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TCP/IP Illustrated, Volume 1

The Protocols

Gebonden Engels 2011 9780321336316
Verkooppositie 2792Hoogste positie: 2792
Verwachte levertijd ongeveer 8 werkdagen

Samenvatting

“For an engineer determined to refine and secure Internet operation or to explore alternative solutions to persistent problems, the insights provided by this book will be invaluable.”
—Vint Cerf, Internet pioneer
 
TCP/IP Illustrated, Volume 1, Second Edition, is a detailed and visual guide to today’s TCP/IP protocol suite. Fully updated for the newest innovations, it demonstrates each protocol in action through realistic examples from modern Linux, Windows, and Mac OS environments. There’s no better way to discover why TCP/IP works as it does, how it reacts to common conditions, and how to apply it in your own applications and networks.
 
Building on the late W. Richard Stevens’ classic first edition, author Kevin R. Fall adds his cutting-edge experience as a leader in TCP/IP protocol research, updating the book to fully reflect the latest protocols and best practices. He first introduces TCP/IP’s core goals and architectural concepts, showing how they can robustly connect diverse networks and support multiple services running concurrently. Next, he carefully explains Internet addressing in both IPv4 and IPv6 networks. Then, he  walks through TCP/IP’s structure and function from the bottom up: from link layer protocols–such as Ethernet and Wi-Fi–through network, transport, and application layers.
 
Fall thoroughly introduces ARP, DHCP, NAT, firewalls, ICMPv4/ICMPv6, broadcasting, multicasting, UDP, DNS, and much more. He offers extensive coverage of reliable transport and TCP, including connection management, timeout, retransmission, interactive data flow, and congestion control. Finally, he introduces the basics of security and cryptography, and illuminates the crucial modern protocols for protecting security and privacy, including EAP, IPsec, TLS, DNSSEC, and DKIM. Whatever your TCP/IP experience, this book will help you gain a deeper, more intuitive understanding of the entire protocol suite so you can build better applications and run more reliable, efficient networks.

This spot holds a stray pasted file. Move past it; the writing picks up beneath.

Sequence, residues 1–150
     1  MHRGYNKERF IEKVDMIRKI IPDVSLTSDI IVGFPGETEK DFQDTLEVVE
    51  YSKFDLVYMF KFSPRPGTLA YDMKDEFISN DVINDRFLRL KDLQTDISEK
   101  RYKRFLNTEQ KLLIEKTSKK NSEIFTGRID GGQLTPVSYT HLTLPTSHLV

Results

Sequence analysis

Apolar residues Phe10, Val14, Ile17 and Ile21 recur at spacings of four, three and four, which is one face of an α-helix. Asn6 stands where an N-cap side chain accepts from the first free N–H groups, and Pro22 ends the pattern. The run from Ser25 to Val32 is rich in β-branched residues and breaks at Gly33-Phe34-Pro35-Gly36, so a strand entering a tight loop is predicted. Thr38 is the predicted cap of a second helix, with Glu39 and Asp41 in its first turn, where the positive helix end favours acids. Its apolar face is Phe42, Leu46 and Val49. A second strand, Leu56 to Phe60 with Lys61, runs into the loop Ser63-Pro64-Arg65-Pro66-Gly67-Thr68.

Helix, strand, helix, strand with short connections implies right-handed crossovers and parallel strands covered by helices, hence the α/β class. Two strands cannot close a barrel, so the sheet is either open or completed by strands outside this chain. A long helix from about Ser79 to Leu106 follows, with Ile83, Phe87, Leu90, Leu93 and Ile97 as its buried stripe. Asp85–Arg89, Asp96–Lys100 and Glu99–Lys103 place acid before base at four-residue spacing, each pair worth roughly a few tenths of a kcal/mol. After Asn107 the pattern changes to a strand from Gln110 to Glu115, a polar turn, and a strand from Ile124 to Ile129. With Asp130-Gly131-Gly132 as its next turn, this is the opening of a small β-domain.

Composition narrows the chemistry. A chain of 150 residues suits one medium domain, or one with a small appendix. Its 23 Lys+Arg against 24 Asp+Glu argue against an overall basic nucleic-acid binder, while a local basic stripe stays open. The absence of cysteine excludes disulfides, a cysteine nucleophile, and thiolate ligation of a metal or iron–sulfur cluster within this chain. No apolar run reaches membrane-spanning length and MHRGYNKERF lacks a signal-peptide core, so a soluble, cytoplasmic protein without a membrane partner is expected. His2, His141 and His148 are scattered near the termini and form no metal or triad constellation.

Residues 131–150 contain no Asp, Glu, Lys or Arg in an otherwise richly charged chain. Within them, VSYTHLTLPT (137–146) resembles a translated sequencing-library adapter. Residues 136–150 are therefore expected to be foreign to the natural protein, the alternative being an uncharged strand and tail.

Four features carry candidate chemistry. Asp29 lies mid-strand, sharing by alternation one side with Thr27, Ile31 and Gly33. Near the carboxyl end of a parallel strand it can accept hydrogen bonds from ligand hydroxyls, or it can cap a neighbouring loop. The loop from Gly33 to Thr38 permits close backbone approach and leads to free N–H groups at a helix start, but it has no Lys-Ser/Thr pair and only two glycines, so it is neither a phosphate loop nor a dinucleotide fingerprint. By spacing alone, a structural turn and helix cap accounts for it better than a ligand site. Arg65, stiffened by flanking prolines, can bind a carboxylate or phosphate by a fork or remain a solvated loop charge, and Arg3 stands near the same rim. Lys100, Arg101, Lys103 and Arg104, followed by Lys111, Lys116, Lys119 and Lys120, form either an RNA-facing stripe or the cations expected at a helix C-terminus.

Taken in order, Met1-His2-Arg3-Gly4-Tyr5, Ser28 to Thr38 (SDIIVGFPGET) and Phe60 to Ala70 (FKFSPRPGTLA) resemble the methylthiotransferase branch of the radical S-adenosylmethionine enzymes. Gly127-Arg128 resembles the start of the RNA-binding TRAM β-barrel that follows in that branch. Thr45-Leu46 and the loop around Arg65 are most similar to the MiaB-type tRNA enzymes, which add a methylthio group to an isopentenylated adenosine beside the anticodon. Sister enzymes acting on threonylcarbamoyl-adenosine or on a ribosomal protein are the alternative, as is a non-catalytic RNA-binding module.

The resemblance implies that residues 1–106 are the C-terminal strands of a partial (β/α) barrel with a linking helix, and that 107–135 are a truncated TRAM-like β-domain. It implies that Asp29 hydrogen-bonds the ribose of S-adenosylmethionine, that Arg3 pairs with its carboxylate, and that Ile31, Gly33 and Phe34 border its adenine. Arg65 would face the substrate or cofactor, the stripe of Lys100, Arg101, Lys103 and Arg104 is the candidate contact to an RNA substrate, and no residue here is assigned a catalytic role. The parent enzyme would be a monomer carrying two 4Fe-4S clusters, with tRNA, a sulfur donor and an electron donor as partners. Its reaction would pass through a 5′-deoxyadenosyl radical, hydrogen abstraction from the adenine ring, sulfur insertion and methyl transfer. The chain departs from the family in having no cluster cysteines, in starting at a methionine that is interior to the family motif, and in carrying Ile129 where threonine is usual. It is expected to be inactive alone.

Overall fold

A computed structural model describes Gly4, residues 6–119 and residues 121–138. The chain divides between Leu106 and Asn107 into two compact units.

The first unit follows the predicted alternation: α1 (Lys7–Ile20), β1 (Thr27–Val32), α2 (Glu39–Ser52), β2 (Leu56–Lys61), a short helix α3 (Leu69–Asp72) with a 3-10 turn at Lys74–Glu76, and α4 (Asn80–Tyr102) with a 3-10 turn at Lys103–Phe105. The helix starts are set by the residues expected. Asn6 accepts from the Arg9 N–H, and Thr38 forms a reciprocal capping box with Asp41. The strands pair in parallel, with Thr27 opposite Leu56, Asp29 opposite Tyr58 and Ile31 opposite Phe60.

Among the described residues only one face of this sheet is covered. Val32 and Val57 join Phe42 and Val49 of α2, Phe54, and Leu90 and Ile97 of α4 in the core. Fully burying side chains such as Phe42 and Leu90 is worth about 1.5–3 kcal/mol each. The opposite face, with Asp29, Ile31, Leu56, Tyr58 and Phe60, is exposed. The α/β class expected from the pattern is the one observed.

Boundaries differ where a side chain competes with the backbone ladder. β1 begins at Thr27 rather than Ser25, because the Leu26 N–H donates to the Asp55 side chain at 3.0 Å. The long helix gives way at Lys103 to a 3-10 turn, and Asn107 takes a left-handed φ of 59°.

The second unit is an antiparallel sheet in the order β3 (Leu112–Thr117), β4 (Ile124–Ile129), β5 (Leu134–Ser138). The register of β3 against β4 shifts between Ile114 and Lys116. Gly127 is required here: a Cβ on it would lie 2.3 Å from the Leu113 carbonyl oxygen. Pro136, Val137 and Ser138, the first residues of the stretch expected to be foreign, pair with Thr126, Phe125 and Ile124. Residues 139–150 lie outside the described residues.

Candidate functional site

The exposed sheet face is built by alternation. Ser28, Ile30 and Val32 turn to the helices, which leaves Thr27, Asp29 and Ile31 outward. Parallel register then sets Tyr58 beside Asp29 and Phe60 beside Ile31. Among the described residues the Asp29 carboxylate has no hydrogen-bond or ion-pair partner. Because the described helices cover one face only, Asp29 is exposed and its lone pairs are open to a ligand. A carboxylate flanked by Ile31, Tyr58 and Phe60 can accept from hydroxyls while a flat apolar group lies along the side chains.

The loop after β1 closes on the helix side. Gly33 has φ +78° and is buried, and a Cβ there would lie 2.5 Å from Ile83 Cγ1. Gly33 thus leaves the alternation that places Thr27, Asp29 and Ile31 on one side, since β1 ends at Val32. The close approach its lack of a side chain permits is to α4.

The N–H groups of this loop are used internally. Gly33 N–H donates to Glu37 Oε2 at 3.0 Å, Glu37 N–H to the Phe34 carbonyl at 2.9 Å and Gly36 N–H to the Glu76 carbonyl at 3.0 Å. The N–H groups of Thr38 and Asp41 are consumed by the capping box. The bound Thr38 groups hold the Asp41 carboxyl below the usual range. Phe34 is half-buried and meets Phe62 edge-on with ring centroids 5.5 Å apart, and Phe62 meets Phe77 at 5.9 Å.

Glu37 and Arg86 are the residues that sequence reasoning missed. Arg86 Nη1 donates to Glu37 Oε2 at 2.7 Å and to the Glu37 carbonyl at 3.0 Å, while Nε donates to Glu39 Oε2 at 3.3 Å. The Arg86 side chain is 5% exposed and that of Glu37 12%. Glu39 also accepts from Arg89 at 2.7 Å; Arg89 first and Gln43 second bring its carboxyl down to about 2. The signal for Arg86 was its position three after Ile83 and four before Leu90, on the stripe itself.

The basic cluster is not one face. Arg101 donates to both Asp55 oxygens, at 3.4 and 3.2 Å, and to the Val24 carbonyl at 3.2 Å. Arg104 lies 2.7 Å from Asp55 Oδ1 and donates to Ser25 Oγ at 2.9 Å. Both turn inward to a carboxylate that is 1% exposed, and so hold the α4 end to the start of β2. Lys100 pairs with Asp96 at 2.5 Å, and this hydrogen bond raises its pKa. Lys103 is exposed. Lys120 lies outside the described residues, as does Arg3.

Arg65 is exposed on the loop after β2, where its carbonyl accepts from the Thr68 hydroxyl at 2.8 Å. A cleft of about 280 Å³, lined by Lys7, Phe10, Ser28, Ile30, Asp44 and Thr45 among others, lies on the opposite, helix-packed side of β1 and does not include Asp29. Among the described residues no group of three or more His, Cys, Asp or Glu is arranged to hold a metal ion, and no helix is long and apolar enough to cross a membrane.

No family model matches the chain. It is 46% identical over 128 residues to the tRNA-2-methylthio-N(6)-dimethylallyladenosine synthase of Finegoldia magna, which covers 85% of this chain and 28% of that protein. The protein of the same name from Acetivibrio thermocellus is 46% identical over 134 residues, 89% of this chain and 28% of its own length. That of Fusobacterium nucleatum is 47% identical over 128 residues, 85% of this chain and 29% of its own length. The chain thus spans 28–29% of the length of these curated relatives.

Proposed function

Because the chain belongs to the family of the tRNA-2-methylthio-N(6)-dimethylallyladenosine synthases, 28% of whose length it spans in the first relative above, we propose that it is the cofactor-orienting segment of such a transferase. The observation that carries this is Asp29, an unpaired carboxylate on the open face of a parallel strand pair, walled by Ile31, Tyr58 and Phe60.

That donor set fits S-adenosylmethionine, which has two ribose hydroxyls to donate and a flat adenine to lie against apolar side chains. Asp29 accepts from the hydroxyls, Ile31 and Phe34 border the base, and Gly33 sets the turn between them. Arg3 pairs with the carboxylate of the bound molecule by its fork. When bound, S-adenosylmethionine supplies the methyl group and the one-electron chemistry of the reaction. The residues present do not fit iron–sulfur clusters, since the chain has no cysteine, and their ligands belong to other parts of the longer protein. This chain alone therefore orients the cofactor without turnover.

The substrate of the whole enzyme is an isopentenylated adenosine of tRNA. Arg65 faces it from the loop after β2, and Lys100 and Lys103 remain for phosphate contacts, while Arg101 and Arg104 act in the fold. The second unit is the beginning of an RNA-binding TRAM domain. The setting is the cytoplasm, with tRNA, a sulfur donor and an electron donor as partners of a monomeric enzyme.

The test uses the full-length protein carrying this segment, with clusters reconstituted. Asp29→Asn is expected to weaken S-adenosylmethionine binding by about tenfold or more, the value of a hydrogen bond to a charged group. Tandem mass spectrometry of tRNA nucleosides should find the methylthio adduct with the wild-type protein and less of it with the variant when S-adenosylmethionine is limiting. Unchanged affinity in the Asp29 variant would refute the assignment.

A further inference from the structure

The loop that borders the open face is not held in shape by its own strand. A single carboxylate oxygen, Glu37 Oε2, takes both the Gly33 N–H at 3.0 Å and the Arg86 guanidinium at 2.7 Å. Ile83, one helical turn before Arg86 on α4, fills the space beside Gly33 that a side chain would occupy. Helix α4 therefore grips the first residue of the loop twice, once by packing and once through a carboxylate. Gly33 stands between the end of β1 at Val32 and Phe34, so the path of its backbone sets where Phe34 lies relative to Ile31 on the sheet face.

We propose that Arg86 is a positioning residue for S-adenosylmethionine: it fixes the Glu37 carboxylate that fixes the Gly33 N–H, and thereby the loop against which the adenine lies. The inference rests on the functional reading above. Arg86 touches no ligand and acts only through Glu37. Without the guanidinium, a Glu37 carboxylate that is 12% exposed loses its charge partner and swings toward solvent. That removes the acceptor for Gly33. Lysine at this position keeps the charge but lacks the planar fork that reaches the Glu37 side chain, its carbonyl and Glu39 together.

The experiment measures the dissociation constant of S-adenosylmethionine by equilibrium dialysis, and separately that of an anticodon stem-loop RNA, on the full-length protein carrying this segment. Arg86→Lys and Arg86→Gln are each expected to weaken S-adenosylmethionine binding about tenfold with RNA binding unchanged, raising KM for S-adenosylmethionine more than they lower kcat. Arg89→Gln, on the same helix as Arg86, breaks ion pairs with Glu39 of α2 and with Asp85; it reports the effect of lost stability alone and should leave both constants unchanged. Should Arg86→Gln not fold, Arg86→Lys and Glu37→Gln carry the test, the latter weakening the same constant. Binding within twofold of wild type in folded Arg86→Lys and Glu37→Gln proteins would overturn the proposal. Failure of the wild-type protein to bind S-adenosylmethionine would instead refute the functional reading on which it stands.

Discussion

Specificaties

ISBN13:9780321336316
Trefwoorden:TCP/IP
Taal:Engels
Bindwijze:gebonden
Aantal pagina's:1056
Druk:2
Verschijningsdatum:15-11-2011
Hoofdrubriek:IT-management / ICT
ISSN:
Herdrukdatum:27-6-2024

Lezersrecensies

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Inhoudsopgave

Foreword xxv
Preface to the Second Edition xxvii
Adapted Preface to the First Edition xxxiii
 
Chapter 1: Introduction 1
1.1 Architectural Principles 2
1.2 Design and Implementation 8
1.3 The Architecture and Protocols of the TCP/IP Suite 13
1.4 Internets, Intranets, and Extranets 19
1.5 Designing Applications 20
1.6 Standardization Process 22
1.7 Implementations and Software Distributions 24
1.8 Attacks Involving the Internet Architecture 25
1.9 Summary 26
1.10 References 28
 
Chapter 2: The Internet Address Architecture 31
2.1 Introduction 31
2.2 Expressing IP Addresses 32
2.3 Basic IP Address Structure 34
2.4 CIDR and Aggregation 46
2.5 Special-Use Addresses 50
2.6 Allocation 62
2.7 Unicast Address Assignment 65
2.8 Attacks Involving IP Addresses 70
2.9 Summary 71
2.10 References 72
 
Chapter 3: Link Layer 79
3.1 Introduction 79
3.2 Ethernet and the IEEE 802 LAN/MAN Standards 80
3.3 Full Duplex, Power Save, Autonegotiation, and 802.1X Flow Control 94
3.4 Bridges and Switches 98
3.5 Wireless LANs—IEEE 802.11(Wi-Fi) 111
3.6 Point-to-Point Protocol (PPP) 130
3.7 Loopback 145
3.8 MTU and Path MTU 148
3.9 Tunneling Basics 149
3.10 Attacks on the Link Layer 154
3.11 Summary 156
3.12 References 157
 
Chapter 4: ARP: Address Resolution Protocol 165
4.1 Introduction 165
4.2 An Example 166
4.3 ARP Cache 169
4.4 ARP Frame Format 170
4.5 ARP Examples 171
4.6 ARP Cache Timeout 174
4.7 Proxy ARP 174
4.8 Gratuitous ARP and Address Conflict Detection (ACD) 175
4.9 The arp Command 177
4.10 Using ARP to Set an Embedded Device’s IPv4 Address 178
4.11 Attacks Involving ARP 178
4.12 Summary 179
4.13 References 179
 
Chapter 5: The Internet Protocol (IP) 181
5.1 Introduction 181
5.2 IPv4 and IPv6 Headers 183
5.3 IPv6 Extension Headers 194
5.4 IP Forwarding 208
5.5 Mobile IP 215
5.6 Host Processing of IP Datagrams 220
5.7 Attacks Involving IP 226
5.8 Summary 226
5.9 References 228
 
Chapter 6: System Configuration: DHCP and Autoconfiguration 233
6.1 Introduction 233
6.2 Dynamic Host Configuration Protocol (DHCP) 234
6.3 Stateless Address Autoconfiguration (SLAAC) 276
6.4 DHCP and DNS Interaction 285
6.5 PPP over Ethernet (PPPoE) 286
6.6 Attacks Involving System Configuration 292
6.7 Summary 292
6.8 References 293
 
Chapter 7: Firewalls and Network Address Translation (NAT) 299